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State sees second-highest number of new cases in one day

FRANKFORT, Ky. (KT) – Saturday saw the second highest number of new cases of the coronavirus since the pandemic began, 206, along with seven more deaths.

That brings the totals to 2,707 cases, with 144 Kentuckians losing their lives, according to Gov. Andy Beshear.

During his daily press briefing, Gov. Andy Beshear stated, “We had a big number of cases today, but on the three-day average, it’s still about a plateau.”

He said that’s important to be able to ease some of the restrictions that have been in place. “What we’ll need to be seeing is the number dropping, but when everybody starts seeing that we’ll know we’re moving in the right direction.”

Beshear said what will re-open first depends on the data and the science. “I think the first place you’ll see easing of restrictions is in our healthcare sector. If we have enough personal protection equipment, or areas that don’t require as much PPE. Next would be areas that can follow CDC guidelines, because of the way their industry operates.”

He also noted, “When we have an opportunity to be out more, we’re going to be recommending that people wear cloth masks. Not the N 95 masks that our healthcare folks need, but it’s definitely going to be a new normal.”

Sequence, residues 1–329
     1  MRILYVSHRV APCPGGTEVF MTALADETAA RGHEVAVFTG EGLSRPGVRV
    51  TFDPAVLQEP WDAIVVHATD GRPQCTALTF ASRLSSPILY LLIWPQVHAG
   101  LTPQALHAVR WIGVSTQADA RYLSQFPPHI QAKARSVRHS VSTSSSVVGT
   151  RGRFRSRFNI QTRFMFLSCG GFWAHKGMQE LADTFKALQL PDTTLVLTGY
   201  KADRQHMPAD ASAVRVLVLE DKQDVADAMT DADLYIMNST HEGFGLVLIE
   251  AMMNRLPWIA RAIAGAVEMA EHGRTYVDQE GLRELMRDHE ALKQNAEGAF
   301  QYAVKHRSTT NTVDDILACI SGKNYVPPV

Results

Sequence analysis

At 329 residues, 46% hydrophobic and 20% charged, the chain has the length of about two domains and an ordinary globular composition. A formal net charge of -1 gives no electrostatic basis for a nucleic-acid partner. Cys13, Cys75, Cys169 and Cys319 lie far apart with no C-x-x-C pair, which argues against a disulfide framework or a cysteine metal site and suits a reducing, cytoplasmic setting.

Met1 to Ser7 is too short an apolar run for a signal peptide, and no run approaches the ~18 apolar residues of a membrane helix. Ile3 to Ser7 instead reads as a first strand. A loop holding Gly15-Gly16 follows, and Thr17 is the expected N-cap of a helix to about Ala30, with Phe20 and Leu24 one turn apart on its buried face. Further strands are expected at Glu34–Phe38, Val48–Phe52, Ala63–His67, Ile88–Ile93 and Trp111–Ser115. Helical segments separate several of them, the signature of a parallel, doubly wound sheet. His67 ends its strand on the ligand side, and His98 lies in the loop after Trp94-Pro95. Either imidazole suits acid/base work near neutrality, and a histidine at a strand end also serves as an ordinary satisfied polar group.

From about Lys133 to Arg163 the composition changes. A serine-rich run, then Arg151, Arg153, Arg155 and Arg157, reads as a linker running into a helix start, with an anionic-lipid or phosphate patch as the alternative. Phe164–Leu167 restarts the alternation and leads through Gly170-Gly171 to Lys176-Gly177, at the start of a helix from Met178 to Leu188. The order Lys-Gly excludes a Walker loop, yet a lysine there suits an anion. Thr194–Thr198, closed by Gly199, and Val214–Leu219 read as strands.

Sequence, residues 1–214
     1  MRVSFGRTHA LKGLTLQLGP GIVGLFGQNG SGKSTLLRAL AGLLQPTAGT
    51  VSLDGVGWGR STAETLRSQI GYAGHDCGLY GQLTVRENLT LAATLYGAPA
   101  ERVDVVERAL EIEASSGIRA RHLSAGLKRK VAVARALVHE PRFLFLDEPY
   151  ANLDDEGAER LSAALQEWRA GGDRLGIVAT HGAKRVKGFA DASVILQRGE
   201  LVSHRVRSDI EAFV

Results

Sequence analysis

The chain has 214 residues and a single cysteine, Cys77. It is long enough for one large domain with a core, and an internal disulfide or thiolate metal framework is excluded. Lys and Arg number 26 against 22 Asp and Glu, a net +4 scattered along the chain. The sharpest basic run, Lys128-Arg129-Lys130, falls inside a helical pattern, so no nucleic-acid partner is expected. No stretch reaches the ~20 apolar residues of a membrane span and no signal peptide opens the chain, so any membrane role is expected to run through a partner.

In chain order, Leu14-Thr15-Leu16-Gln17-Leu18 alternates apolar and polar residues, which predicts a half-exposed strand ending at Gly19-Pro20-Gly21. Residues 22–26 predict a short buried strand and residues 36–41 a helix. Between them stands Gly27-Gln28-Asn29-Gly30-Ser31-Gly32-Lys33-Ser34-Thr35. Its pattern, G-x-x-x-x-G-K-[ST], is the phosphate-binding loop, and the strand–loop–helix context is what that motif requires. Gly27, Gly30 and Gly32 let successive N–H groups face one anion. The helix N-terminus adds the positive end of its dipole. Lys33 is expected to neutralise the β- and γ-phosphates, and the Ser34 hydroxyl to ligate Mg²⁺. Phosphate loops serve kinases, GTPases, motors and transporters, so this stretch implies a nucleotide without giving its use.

Recent demonstrations against restrictions issued due to the pandemic won’t make a difference on decisions to ease them, the Governor said. “I don’t feel pressure because the guidance, which is what I look at, the guidance that President Trump has put out suggests cases ought to be going down for 14 days, that we have to have sufficient testing capacity. It has to be phased and gradual and we have to follow social distancing guidelines.”

Beshear said the area that continues to see the highest growth in cases is long-term care facilities, such as nursing homes. “Today we have 40 more residents and six more staff that have tested positive, along with three more deaths.”

That brings the totals in that area to 350 residents, 164 staff and 46 deaths, 45 of which were residents.

A lot of the federal funding coming to Kentucky under the CARES Act will go to contact tracing to determine who a person testing positive for the coronavirus has been in contact with.

“I believe I am going to have a plan early next week that’s going to identify some first initial numbers, and it’s going to be large,” he said. “It’s going to be hiring a large number of people from now until we defeat the virus. The CARES Act money has to be spent by the end of December, and you can expect a significant operation.”

Beshear also said the Kenton County drive-thru testing facility handled 212 people on Saturday, seeing a total of 848 during the four days it was in operation.

Next Tuesday, drive-thru centers will open in Madisonville, Paducah, Somerset and Pikeville, and he says the goal is 1,000 tests at each facility, over a four-day period.

New locations will be released on Wednesday, according to the Governor. “That announcement is going to have some additional services that are going to be worked in those locations.”